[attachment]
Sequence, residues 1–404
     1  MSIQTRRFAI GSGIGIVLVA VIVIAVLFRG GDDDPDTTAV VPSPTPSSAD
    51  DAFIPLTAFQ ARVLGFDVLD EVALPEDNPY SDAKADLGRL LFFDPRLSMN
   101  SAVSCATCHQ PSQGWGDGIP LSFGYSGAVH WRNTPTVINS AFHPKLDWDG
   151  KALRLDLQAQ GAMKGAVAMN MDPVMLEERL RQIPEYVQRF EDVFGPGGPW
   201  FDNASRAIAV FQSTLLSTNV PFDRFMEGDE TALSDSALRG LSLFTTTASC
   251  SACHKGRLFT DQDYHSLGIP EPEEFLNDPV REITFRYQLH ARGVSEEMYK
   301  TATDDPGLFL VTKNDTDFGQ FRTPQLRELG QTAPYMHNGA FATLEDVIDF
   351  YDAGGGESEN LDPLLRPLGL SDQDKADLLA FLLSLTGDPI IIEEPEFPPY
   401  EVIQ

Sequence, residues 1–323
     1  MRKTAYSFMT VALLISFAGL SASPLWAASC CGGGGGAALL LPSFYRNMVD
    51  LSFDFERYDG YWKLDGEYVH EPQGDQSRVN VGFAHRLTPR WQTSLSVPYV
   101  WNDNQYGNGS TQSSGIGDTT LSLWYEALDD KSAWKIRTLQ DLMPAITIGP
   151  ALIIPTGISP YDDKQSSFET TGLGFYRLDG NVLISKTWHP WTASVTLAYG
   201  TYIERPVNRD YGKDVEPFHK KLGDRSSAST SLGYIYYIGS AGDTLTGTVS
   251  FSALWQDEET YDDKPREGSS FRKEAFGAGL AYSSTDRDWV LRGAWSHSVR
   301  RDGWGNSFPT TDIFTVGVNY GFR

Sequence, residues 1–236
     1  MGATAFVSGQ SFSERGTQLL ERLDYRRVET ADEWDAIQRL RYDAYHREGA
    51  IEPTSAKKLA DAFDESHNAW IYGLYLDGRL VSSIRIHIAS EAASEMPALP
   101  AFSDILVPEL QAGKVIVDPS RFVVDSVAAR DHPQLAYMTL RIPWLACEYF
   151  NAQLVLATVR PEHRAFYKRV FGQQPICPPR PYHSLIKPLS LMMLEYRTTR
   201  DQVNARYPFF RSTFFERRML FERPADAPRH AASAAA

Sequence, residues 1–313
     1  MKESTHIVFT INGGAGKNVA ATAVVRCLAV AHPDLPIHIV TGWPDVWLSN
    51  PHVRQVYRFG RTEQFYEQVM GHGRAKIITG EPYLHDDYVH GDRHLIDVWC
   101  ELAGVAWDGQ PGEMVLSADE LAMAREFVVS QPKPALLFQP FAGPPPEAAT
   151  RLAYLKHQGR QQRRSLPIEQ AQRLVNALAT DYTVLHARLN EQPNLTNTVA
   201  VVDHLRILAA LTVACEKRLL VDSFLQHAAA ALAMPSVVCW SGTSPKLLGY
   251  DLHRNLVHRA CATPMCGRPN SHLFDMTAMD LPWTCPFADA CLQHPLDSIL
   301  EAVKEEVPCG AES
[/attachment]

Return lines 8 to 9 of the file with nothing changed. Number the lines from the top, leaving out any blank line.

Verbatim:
   301  TATDDPGLFL VTKNDTDFGQ FRTPQLRELG QTAPYMHNGA FATLEDVIDF
   351  YDAGGGESEN LDPLLRPLGL SDQDKADLLA FLLSLTGDPI IIEEPEFPPY